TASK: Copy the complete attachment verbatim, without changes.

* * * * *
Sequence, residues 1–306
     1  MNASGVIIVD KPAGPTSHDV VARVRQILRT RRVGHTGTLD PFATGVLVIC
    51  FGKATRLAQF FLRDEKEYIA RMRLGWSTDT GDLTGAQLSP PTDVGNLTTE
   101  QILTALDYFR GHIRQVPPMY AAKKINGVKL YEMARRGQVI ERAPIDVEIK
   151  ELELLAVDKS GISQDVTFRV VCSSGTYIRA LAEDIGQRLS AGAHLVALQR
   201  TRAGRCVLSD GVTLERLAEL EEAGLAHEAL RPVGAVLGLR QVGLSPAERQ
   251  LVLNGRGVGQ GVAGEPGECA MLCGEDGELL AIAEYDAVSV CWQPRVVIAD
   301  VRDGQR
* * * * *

Sequence, residues 1–306
     1  MNASGVIIVD KPAGPTSHDV VARVRQILRT RRVGHTGTLD PFATGVLVIC
    51  FGKATRLAQF FLRDEKEYIA RMRLGWSTDT GDLTGAQLSP PTDVGNLTTE
   101  QILTALDYFR GHIRQVPPMY AAKKINGVKL YEMARRGQVI ERAPIDVEIK
   151  ELELLAVDKS GISQDVTFRV VCSSGTYIRA LAEDIGQRLS AGAHLVALQR
   201  TRAGRCVLSD GVTLERLAEL EEAGLAHEAL RPVGAVLGLR QVGLSPAERQ
   251  LVLNGRGVGQ GVAGEPGECA MLCGEDGELL AIAEYDAVSV CWQPRVVIAD
   301  VRDGQR